The Autumn Affair of 2018 will feature author Jim Earl of Boerne as he discusses his new book.

A writer, musician, and builder of things, he was born James Albert Earl IV to Bettye Chilcote of Amarillo and fighter pilot James A. Earl III of San Antonio. Jim was raised in the usual Air Force brat fashion as a nomad living on the east coast, in the western desert, Florida, Germany, with his father periodically off on extended tours to such places as Korea and Thailand. He was actually born in Japan, though passes it off as east Texas (far east Texas). After high school in San Antonio, college at Texas A&M, and an active duty stint in the Army as an Infantry Lieutenant at Fort Wainwright, Alaska, Jim made his way to the little spot on the hill (some acreage his father picked out in 1965). Cobbling together a little cabin, he set out to experience Boerne, working at the old grocery on the north end of town (no longer there) digging graves in the cemetery (still there), driving a school bus, reading meters and serving as the City Building Official before starting up the band The Arbuckle Boys in the early 1990’s.

With the goal of portraying the historic music of the Trail Drive Era 1870-80’s, the group proved quite successful, performing regularly throughout Texas as well as Oklahoma and California: doing guest spots on radio, the theatre stage, at festivals, rodeos, fund raisers, parties, and state fairs. During their twelve-year run they recorded four albums and performed for such notables as President George W. Bush, Governor Rick Perry and First Lady “Lady Bird” Johnson among others.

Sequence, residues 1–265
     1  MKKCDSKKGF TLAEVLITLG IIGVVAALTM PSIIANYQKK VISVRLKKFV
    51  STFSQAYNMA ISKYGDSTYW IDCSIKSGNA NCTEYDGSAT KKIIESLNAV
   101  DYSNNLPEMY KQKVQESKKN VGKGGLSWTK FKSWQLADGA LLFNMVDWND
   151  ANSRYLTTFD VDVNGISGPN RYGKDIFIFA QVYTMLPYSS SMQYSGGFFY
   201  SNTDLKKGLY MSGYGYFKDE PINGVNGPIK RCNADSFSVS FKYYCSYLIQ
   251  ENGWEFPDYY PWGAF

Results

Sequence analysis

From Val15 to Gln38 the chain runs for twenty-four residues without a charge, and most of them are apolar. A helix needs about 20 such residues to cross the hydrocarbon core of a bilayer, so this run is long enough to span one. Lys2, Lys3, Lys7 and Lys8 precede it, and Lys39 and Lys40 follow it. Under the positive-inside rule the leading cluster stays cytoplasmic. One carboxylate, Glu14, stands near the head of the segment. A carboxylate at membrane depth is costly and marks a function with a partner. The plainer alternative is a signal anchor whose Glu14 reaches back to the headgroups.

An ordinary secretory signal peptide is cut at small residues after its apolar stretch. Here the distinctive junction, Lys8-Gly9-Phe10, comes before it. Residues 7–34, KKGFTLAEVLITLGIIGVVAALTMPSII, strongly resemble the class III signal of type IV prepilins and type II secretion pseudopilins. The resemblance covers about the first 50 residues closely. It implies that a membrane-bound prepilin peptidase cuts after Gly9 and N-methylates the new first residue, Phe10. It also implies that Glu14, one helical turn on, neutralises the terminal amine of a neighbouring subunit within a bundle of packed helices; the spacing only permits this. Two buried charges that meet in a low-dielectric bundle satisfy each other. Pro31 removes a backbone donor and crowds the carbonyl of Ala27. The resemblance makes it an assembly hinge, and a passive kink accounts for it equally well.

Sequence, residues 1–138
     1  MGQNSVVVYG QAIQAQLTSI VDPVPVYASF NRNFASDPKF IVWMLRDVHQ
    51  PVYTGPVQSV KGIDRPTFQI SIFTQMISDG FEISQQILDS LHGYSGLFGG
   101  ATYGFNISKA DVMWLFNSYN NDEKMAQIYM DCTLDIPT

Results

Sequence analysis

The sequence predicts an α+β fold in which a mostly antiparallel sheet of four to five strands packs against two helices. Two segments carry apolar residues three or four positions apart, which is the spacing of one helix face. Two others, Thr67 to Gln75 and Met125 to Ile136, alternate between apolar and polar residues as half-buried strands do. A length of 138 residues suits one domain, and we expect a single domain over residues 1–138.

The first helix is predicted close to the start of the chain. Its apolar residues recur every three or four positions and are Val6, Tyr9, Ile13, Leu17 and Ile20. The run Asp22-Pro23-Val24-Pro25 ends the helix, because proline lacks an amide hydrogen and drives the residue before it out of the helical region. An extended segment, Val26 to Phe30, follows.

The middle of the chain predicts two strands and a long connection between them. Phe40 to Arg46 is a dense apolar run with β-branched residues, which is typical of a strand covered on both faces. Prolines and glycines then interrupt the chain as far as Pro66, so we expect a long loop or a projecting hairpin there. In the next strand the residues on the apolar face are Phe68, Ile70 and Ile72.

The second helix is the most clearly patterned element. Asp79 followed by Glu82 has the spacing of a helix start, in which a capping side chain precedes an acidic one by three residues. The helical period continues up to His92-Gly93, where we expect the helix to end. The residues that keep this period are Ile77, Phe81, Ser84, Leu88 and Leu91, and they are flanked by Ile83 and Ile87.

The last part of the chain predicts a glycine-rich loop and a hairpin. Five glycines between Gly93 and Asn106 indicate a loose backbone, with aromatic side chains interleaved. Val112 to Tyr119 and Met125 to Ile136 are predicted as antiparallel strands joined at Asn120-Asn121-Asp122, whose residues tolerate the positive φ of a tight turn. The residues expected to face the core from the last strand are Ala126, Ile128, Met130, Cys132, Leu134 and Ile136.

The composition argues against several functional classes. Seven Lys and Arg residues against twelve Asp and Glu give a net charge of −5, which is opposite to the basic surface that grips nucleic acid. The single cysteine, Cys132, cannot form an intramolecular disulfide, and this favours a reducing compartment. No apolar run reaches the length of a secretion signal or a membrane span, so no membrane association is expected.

In addition to performing, Jim has written over fifty songs, a march for band, a string quartet, numerous poems, several short stories, two novellas, two theatre plays, and five screenplays.

True Gray is his first novel which began life as his screenplay entitled Heart of Gray.

Set initially in 1850, True Gray tells the story of a young Columbia, South Carolina, plantation owner’s son Daniel, who at the age of ten, is assigned a body servant of the same age. Wash  is tasked essentially with administering only to the needs of Daniel . Spending practically all their waking hours together: playing, fishing, swimming, trapping and so on, they become quite inseparable. By 1860, with war between North and South imminent, Daniel takes up arms as an officer in the newborn Confederacy and, accompanied by his steadfast body servant Wash, marches to the defense of home and family. What follows is best described as a tale of friendship, loyalty and mutual devotion.

There are numerous memoirs, contemporary news articles, diaries and pension records that show a significant number of African Americans supported the South in the war between the states. True Gray, through the medium of historical fiction, is Jim Earl’s attempt to bring a previously unexamined complex relationship of cultures and loyalty to life.


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